Some say there’s an often gentle and sometimes imperceptible balancing act that occurs in nature to maintain equilibrium, requiring a little give for every take. That process of redistribution from one side of the scale to the other feels a bit more deliberate—albeit just as welcome—in our park this time of year. We know when the leaves in Southwest Virginia begin to fall, the trees for the Festival of Trees begin to rise.
The Christmas spirit meets you as soon as you enter the house
In its 16th season, the Southwest Virginia Museum Historical State Park is an incredible feat of community creativity and involvement that leaves all four floors of the stately Victorian home that houses the Museum’s collections lavishly decorated for the holiday season. For members of our community, the coming of the fall and winter seasons go hand-in-hand with that year’s Festival of Trees, and it has become such an important and enduring event, folks may wonder if cooler weather brings the Festival of Trees or the Festival of Trees brings cooler weather.
Doorways and mantles are decorated throughout the house
The tradition of the Festival of Trees began sixteen years ago as a way to celebrate the holiday traditions of the Victorian era as well as to honor the role that President Calvin Coolidge. In 1923, a group from the Electrical League and the Washington, D.C. public schools approached him with an idea for a Christmas tree to be erected on the White House lawn. Mr. Slemp took the idea to the First Lady, Grace Coolidge, who took up the cause. She recommended that the tree be placed on the ellipse south of the White House, and a tradition was born.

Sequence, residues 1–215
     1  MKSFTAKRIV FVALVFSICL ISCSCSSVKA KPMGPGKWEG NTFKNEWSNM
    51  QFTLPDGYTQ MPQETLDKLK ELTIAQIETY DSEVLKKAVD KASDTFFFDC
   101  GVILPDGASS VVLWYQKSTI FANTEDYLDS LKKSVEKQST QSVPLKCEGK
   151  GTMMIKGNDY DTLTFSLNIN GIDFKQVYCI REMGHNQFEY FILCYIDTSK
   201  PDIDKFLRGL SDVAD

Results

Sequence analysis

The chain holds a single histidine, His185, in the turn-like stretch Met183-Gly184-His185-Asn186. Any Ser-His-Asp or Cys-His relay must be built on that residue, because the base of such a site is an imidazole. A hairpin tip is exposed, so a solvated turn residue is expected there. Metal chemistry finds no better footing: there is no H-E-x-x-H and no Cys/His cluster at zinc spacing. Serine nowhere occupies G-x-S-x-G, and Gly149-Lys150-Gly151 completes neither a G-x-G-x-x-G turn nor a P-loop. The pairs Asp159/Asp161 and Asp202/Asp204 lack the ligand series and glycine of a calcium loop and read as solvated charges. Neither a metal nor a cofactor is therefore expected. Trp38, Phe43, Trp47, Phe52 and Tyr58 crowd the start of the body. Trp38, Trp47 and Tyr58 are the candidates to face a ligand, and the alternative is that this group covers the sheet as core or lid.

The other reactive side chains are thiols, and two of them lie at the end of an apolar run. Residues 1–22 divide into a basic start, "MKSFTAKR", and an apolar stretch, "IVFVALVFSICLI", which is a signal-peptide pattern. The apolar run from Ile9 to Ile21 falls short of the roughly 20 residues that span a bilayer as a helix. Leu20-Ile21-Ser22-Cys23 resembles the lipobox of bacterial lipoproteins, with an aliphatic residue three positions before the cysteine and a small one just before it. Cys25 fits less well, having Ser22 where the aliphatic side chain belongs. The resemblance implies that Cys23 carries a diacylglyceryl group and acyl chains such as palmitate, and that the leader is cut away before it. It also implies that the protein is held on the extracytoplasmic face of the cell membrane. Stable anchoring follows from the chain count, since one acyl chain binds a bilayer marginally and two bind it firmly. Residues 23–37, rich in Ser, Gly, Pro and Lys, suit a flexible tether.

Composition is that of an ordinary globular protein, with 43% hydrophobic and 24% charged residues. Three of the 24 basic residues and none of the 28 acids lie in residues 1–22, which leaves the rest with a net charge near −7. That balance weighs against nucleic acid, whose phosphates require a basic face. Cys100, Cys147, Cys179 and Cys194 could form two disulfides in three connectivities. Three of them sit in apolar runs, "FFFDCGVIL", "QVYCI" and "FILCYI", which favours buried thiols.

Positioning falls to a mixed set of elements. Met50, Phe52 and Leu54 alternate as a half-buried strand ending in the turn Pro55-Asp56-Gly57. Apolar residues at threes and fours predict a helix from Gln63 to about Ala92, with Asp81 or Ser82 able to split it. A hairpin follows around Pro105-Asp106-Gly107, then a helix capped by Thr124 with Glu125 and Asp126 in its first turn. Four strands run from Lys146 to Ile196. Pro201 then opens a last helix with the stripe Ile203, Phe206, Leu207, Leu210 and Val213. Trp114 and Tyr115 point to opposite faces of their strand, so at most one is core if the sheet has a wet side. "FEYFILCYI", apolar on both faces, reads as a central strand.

Volunteers make the Festival of Trees a memories for the whole family
Volunteers from around the Southwest Virginia region continue these traditions by putting up holiday trees and decorating mantels, doorways, and banisters throughout the Southwest Virginia Museum, sharing their creative talents and holiday spirit with all who come to the site. This year, 80 groups will give their time and talent to create truly beautiful displays.
Visitors can tour the Festival of Trees from November 13th to December 31st during regular Museum hours and during special “night viewings” on November 26, December 3, December 10, and December 17. Admission to the Museum is $4.00 for adults, $2.00 for children ages 6-12, and free of charge for children under 6. Group rates are available for parties of 10 or more.
For more information about the Festival of Trees, please contact the Southwest Virginia Museum Historical State Park at 276-523-1322.